The mobile app shows a listing of every Particle device you own. Click on your gateway, then the Data tab menu, and you’ll see a “runDemo” function. Put your Xenons in position with plenty of space, and click the function to trigger some R/C swarming!

The demo code illustrates a simple, coordinated sequence of actions. But with PWM and some trial and error, you can create any number of cool synchronized dances with mesh-networked R/C cars.

Command Your Swarm!

Now that your bots are meshed, let’s turn them into real swarmbots that can communicate with each other. A common swarm scenario is the leader-follower pattern. The leader determines movements for the swarm, and communicates these directly to all followers. One example would be to control the leader with the out-of-box remote control, read pin voltages off the leader car, and send these as instructions to all followers listening for a Mesh event.

To build this demo, I designated one of my three cars as a leader, and added firmware to control the fleet. Instead of writing to my motor pins, the leader simply reads the analog values sent by the remote control and sends these to listeners on the network with a Mesh.publish that includes the wheel, direction, and analog value to apply to follower cars.

int32_t lastLeftRVal = 0;
int32_t lastLeftFVal = 0;
int32_t lastRightRVal = 0;
int32_t lastRightFVal = 0;

#define MIN_PIN_VAL 150
#define DRIVE_VAL 200

void setup()
{
  pinMode(leftReverse, INPUT);
  pinMode(leftForward, INPUT);
  pinMode(rightForward, INPUT);
  pinMode(rightReverse, INPUT);
}

void loop()
{
  checkPin(leftReverse, &lastLeftRVal, "leftR");
  checkPin(leftForward, &lastLeftFVal, "leftF");
  checkPin(rightReverse, &lastRightRVal, "rightR");
  checkPin(rightForward, &lastRightFVal, "rightF");
}

void checkPin(int pin, int32_t *lastVal, const char *event)
{
  int32_t pinVal = analogRead(pin) / 16;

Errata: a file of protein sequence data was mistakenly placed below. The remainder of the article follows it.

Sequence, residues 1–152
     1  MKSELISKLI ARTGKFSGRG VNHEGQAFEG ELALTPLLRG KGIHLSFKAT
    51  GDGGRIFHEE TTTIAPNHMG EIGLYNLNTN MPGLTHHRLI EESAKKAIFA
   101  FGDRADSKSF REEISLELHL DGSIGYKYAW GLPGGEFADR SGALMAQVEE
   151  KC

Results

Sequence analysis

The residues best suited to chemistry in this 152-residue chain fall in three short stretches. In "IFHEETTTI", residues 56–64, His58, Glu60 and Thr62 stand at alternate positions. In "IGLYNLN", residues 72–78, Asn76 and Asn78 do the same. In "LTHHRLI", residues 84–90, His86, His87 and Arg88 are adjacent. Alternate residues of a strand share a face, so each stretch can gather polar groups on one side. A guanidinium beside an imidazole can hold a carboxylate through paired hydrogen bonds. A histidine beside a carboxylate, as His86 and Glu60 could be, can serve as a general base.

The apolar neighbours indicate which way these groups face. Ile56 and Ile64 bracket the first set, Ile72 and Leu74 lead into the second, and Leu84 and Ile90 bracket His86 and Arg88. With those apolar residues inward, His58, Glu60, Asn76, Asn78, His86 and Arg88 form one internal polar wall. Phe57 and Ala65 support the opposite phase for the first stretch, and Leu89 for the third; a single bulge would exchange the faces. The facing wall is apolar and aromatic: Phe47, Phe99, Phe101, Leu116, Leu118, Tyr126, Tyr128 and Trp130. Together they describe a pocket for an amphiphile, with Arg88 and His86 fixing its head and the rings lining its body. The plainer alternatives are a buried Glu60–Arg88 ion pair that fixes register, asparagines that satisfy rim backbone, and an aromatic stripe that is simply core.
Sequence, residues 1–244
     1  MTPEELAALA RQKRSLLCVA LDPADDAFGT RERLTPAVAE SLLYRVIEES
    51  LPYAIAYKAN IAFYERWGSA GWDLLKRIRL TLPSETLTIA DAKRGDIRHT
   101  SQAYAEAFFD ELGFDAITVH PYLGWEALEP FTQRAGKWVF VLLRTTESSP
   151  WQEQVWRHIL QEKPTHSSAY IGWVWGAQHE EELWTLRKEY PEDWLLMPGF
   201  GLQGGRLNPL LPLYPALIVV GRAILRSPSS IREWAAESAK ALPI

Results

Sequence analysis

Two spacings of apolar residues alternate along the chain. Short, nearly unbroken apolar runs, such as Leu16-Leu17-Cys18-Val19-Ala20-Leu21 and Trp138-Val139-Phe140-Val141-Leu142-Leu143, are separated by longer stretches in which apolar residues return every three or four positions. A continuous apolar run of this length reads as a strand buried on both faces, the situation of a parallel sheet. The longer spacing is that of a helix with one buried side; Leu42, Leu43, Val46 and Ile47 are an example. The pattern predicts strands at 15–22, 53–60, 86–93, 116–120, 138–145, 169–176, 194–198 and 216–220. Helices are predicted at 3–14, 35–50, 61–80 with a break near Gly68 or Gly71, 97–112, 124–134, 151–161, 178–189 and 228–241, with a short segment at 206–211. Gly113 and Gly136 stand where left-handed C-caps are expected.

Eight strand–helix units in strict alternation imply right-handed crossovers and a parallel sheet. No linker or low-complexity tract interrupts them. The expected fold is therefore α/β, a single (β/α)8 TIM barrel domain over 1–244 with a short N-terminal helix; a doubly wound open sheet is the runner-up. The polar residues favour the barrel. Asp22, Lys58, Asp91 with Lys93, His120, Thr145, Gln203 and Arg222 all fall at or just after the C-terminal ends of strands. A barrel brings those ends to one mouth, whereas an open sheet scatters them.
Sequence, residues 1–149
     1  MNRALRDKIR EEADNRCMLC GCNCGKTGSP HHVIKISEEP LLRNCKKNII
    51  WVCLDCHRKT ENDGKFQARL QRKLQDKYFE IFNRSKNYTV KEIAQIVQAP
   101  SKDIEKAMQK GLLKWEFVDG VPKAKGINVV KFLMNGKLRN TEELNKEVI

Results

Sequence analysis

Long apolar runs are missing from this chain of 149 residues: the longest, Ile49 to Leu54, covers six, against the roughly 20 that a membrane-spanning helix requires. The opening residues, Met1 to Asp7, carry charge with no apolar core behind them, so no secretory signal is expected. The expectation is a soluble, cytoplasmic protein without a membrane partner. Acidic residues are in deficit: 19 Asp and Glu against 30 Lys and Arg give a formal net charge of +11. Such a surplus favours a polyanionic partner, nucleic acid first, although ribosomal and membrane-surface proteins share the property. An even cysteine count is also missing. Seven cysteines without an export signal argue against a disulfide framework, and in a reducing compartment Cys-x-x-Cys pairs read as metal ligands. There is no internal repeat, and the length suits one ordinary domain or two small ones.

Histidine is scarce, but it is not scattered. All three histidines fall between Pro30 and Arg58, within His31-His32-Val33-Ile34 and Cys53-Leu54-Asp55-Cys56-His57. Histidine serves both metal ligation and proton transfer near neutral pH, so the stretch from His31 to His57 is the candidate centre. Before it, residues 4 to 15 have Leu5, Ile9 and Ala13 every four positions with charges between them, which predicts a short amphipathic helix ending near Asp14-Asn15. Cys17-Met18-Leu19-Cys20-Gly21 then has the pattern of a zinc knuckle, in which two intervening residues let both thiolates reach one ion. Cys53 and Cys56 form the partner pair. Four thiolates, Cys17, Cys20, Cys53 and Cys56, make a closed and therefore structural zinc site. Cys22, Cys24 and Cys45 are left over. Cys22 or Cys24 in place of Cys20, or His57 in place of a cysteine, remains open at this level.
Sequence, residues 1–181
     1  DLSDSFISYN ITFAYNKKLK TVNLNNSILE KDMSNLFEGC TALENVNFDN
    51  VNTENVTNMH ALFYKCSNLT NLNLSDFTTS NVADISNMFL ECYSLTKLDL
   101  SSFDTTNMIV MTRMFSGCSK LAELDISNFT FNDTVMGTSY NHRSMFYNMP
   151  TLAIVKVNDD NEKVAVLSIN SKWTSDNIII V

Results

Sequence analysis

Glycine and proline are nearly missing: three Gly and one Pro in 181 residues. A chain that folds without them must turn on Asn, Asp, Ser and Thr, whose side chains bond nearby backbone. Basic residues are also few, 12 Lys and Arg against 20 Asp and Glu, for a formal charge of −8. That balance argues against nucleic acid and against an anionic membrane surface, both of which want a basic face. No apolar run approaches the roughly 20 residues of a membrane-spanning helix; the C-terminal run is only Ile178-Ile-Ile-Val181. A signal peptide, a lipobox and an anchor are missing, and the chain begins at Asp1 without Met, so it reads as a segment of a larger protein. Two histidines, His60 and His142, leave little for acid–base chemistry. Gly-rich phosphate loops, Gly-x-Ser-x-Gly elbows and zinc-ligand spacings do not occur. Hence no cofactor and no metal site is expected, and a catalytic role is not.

if (pinVal > MIN_PIN_VAL)
    pinVal = DRIVE_VAL;
  else
    pinVal = 0;

  if (pinVal != *lastVal && pinVal == DRIVE_VAL)
  {
    *lastVal = pinVal;

    Mesh.publish(event, String(DRIVE_VAL));
  } else if (pinVal == 0 && *lastVal != 0) {
    *lastVal = 0;
    
    Mesh.publish(event, String(0));
  }
}

On the follower side, I added firmware that listens for a Mesh event for each pin, and performs an analogWrite with the passed-in value. On the cars themselves, I also removed the antenna on each board and cut the traces from the remote’s RX IC just to make sure that movement commands were only coming from the leader.

void setup()
{
  pinMode(leftReverse, OUTPUT);
  pinMode(leftForward, OUTPUT);
  pinMode(rightForward, OUTPUT);
  pinMode(rightReverse, OUTPUT);

  digitalWrite(leftReverse, LOW);
  digitalWrite(leftForward, LOW);
  digitalWrite(rightForward, LOW);
  digitalWrite(rightReverse, LOW);

  Mesh.subscribe("leftR", leftR);
  Mesh.subscribe("leftF", leftF);
  Mesh.subscribe("rightR", rightR);
  Mesh.subscribe("rightF", rightF);
}

void leftR(const char *event, const char *data)
{
  move(leftReverse, data);
}

void leftF(const char *event, const char *data)
{
  move(leftForward, data);
}

void rightR(const char *event, const char *data)
{
  move(rightReverse, data);
}

void rightF(const char *event, const char *data)
{
  move(rightForward, data);
}

void move(int pin, const char *speed)
{
  int32_t speedVal = atoi(speed);

  if (speedVal > 16) // Filter out noise from the leader
  {
    analogWrite(pin, speedVal);
  }
  else
  {
    analogWrite(pin, 0);
  }
}

void loop() {}

With this simple R/C-controlled swarm as our foundation, we built a bunch more swarm sequences:

  • Follow the leader — basic forward and back demo with ending spin️
  • Splinter — cars separate in three different directions and come back together
  • Follow the leader and push — leader tells followers to stop, goes forward 2 seconds, turns around, goes back 2 seconds, then tells followers to move backward as it keeps moving forward
  • Sentry mode — square path with right-angle turns
  • Orbit — followers orbit a stationary leader.

You can grab the complete project source code, including these more complex demos, from the repository at github.com/particle-iot/mesh-rc-cars. I’ve also done a number of Twitch streams focused on building the demos for this project; check them out at twitch.tv/brandonsatrom.

Hack It and Share It

We’d love to see makers extend and modify this project with sensors and new behaviors. You could add collision detection to the leader with a PIR or ultrasonic sensor, or even use the remote to log predefined sequences that could then be repeated automatically. And if you’ve built your own mesh-style swarmbot project, or anything else with Particle’s new hardware, we’d love to hear from you! Share with us on Twitter (@Particle), Instagram (@Particle_iot) or in our community of 160,000 developers at community.particle.io.

Swarm on, makers!